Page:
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Use the following resources to plan a fully accessible trip on the MBTA.

Commuter Rail Access Guide

The MBTA Commuter Rail serves the Greater Boston area, Central Massachusetts, and Rhode Island, and offers a variety of accessible features to help you travel throughout the area.

Key train and station features include:

  • Elevators, ramps, and escalators for station access
  • High-level or mini-high platforms for level boarding
  • Tactile warning strips
  • Mobile bridge plates to span the gap between the train and the platform
  • Seating areas for customers who use wheeled mobility devices
  • Audio and digital announcements of train arrivals, departures, and track info at stations
  • Onboard audio stop announcements

Planning Your Trip

Most Commuter Rail stations are accessible. To ensure an accessible trip on the MBTA, you can use any of the following tools:

Fares and Passes

Seniors and people with disabilities may qualify for reduced Commuter Rail fares. To receive a Senior CharlieCard, a Transportation Access Pass (TAP), or a Blind Access Card, you must apply through the CharlieCard Store.  

If you are older than 65, you can also show the conductor a valid, government-issued ID to pay a reduced fare price on the Commuter Rail. 

Learn more about reduced fare programs

You can also show the conductor a TAP card from a Massachusetts or Rhode Island Regional Transit Authority to pay a reduced Commuter Rail fare. 

Learn more about Regional Transit Authorities

What You Can Expect at an MBTA Commuter Rail Station

MBTA Commuter Rail stations are marked with a large “T” logo and purple signs with the station name.

At larger terminals like North Station and South Station, train lines don't always board on the same track. About 10-15 minutes before the train’s scheduled departure, you can find the track number on the departure board. The station agent will also announce the track number over the loudspeaker.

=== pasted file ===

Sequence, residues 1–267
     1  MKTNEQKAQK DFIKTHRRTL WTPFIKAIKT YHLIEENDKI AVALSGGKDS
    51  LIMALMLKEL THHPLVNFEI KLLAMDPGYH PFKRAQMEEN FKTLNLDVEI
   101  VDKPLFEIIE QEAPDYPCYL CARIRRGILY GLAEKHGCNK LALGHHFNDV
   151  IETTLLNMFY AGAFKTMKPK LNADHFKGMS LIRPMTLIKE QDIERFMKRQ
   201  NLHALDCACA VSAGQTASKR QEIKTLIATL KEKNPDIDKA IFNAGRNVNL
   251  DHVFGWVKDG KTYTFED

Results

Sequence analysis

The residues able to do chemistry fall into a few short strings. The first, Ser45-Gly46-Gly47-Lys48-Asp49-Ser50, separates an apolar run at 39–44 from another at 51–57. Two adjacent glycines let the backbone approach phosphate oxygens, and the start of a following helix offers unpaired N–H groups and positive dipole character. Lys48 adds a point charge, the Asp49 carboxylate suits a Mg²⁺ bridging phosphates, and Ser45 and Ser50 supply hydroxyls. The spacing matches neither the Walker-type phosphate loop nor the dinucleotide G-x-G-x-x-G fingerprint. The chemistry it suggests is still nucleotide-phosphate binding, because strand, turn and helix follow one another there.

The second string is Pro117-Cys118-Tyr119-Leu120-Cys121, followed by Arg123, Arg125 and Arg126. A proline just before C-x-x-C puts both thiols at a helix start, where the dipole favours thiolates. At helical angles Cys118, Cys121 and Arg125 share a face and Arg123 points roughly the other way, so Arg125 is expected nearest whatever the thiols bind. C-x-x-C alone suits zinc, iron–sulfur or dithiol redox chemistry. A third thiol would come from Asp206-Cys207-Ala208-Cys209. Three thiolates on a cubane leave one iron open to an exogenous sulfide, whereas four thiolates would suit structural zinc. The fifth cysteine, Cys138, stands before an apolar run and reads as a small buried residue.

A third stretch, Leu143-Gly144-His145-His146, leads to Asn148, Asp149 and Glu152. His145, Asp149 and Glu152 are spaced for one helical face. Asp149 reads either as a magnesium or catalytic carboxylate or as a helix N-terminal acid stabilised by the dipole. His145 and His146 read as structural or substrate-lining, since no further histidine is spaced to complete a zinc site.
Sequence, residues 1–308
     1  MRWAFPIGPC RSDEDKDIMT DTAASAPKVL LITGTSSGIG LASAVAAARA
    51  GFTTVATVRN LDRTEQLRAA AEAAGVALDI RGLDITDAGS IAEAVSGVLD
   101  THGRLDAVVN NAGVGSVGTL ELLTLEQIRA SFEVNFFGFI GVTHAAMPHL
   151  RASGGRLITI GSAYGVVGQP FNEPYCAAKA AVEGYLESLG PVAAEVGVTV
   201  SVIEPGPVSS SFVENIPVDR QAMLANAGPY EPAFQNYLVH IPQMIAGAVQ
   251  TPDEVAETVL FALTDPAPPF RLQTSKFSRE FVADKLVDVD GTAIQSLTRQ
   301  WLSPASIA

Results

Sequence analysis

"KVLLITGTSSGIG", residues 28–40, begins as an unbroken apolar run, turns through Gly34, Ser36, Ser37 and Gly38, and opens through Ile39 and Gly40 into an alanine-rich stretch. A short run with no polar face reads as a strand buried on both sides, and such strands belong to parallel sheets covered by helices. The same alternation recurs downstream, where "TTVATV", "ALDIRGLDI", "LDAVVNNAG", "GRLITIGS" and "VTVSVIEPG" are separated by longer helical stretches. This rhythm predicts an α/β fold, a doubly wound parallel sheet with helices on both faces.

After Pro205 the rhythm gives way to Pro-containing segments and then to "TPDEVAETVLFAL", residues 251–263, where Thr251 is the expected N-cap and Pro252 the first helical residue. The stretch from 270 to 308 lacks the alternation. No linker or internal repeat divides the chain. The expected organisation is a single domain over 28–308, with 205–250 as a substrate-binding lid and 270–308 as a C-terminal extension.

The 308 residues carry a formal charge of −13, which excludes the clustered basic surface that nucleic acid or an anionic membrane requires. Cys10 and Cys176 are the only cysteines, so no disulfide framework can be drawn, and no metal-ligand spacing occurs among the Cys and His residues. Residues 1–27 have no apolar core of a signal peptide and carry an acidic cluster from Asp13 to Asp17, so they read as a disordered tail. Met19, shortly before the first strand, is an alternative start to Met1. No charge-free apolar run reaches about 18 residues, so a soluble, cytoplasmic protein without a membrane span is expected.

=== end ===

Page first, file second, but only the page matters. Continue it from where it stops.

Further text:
If you need assistance finding the correct platform or train, MBTA staff members are available at North Station, South Station, and Back Bay Station to help you find your platform or buy tickets for your trip.

Boarding Commuter Rail Trains

There are 2 types of accessible boarding platforms along Commuter Rail routes, including:

  • High-level platforms that allow for level boarding at every train door.
  • Mini-high platforms that allow for level boarding at the front doors of the train. Position yourself on the platform before the train arrives, and a conductor will assist you.

The conductor can deploy a bridge plate to span the gap between the train and the platform upon request.

Only some stations with low-level platforms also have mini-high platforms. Always check station accessibility features before you start your trip.

On Board the Commuter Rail

The conductor may ask for your destination stop to ensure you can safely exit the train at that station. They may also tell you which car you need to be in to exit. 

Paying Your Fare

The conductor will verify your fare as they walk through the train car. If you don't already have a ticket or pass, you can pay your fare in cash on board on the train.

Priority Seating

Priority seating is available near every train door. Designated seating areas are available for customers who use wheeled mobility devices. Customers are expected to yield priority seats to seniors and people with disabilities, but cannot be forced to move.

Stop Announcements

Each station along the route will be announced by an automated system or by the conductor. If you aren’t sure where your stop is or which car to exit from, the conductor can help you.

Exiting Commuter Rail Trains

Some Commuter Rail stations are designated as “flag stops,” which means that the train will not automatically stop at them. You will need to tell the conductor you wish to exit there. If there are any flag stops along your route, the conductor will make an announcement prior to the train’s arrival at that station.

If your destination requires the use of a mini-high platform to exit the train, the conductor will deploy a bridge plate.

Upon request, the conductor can deploy a bridge plate to span the gap between the train and the platform.